According to data from the North Carolina Department of Health and Human Services, 80,948 doses of vaccine could expire statewide by the end of July. By the end of August, another 755,730 doses could expire on shelves if they don't go into arms.
Locally, Wake County Human Services said 2,500 doses of Johnson & Johnson vaccine could expire by Aug. 7, and 4,500 doses of Pfizer are set to expire by the end of August. However, even with the lower demand, the department said it expects to use those Pfizer doses before they expire.
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Additionally, both Wake County Human Services and NCDHHS said the Food and Drug Administration could extend the expiration date for those Johnson & Johnson doses because of new data showing the vials are good for longer than originally thought, allowing extra time to give those shots.
Durham County Department Public Health Director Rod Jenkins said the number of doses set to expire in his county is much lower -- on the order of hundreds, thanks to careful planning by his department.
"We should not be talking about wasted doses or, you know, vaccines expiring," said Jenkins. "We should be talking about, you know, how can we get more vaccines to get shots in arms."
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Through the month of July, the state has been vaccinating between 78,000 and 90,000 people weekly. Though the middle of July saw the state's lowest vaccination rates since vaccines became available to adults older than 65 years old, vaccinations increased sharply last week. Jenkins attributed the increase to awareness of the Delta variant.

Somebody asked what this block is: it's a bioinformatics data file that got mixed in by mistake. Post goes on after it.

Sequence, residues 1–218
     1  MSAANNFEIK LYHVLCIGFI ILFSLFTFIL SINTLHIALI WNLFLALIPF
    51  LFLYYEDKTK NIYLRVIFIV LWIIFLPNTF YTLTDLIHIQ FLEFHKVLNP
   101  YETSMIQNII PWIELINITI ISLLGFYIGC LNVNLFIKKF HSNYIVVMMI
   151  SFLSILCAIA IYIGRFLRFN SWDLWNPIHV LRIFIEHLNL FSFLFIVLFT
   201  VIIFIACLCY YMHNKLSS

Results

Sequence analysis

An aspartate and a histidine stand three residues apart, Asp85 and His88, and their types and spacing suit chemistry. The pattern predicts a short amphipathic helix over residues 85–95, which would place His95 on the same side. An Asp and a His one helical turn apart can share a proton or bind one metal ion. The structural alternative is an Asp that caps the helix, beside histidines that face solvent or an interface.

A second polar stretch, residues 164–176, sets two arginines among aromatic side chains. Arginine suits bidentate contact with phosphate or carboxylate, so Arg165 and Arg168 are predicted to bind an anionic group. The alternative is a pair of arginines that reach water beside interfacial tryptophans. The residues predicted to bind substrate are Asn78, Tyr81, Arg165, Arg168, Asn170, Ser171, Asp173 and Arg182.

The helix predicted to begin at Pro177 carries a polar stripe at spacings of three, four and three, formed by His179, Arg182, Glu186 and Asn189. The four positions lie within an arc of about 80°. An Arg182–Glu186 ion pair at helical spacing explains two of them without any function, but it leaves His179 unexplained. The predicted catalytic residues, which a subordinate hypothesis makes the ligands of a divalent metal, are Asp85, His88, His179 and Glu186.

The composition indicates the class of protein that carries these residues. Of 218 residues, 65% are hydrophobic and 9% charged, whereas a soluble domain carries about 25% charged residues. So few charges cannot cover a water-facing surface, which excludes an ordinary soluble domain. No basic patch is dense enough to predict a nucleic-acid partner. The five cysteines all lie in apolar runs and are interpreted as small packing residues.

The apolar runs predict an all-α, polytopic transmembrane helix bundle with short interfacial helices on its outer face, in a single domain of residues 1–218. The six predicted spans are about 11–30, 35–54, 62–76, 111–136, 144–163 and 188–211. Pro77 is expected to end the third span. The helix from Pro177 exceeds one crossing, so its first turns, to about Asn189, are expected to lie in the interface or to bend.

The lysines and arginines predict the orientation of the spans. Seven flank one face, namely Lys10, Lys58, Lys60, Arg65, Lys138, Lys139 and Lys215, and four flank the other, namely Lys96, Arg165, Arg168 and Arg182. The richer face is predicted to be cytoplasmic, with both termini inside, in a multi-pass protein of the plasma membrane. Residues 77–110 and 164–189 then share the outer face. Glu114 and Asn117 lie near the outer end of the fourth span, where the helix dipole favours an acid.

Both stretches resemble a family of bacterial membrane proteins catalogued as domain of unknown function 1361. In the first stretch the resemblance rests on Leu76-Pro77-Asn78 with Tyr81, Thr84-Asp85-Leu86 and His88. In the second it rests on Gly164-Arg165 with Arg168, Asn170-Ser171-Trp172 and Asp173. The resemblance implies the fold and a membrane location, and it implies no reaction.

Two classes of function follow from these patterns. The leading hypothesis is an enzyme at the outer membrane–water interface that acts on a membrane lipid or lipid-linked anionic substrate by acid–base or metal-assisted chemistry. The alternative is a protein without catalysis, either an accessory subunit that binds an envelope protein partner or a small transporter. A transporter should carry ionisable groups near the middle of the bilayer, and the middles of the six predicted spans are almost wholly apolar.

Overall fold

"This Delta variant is very serious," Jenkins said. "It's 60% more infectious than the original strain, and it is doing damage particularly to those who are unvaccinated."
Jenkins added that the best way to prevent the Delta variant is to continue the three W's -- wearing a mask, washing hands, and staying physically distant -- and to get vaccinated.
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"The only way to really end this pandemic and to make things better locally, nationally and globally is to get vaccinated," Jenkins said. "All three vaccines are still highly effective against COVID-19. We do know that it prevents severe infections and hospitalizations."
NCDHHS added that any doses that do not go to North Carolinians through state providers could go to federal retail pharmacy partners or back to the federal government, at which point they could be sent internationally to countries that have not been able to get doses to keep up with demand.
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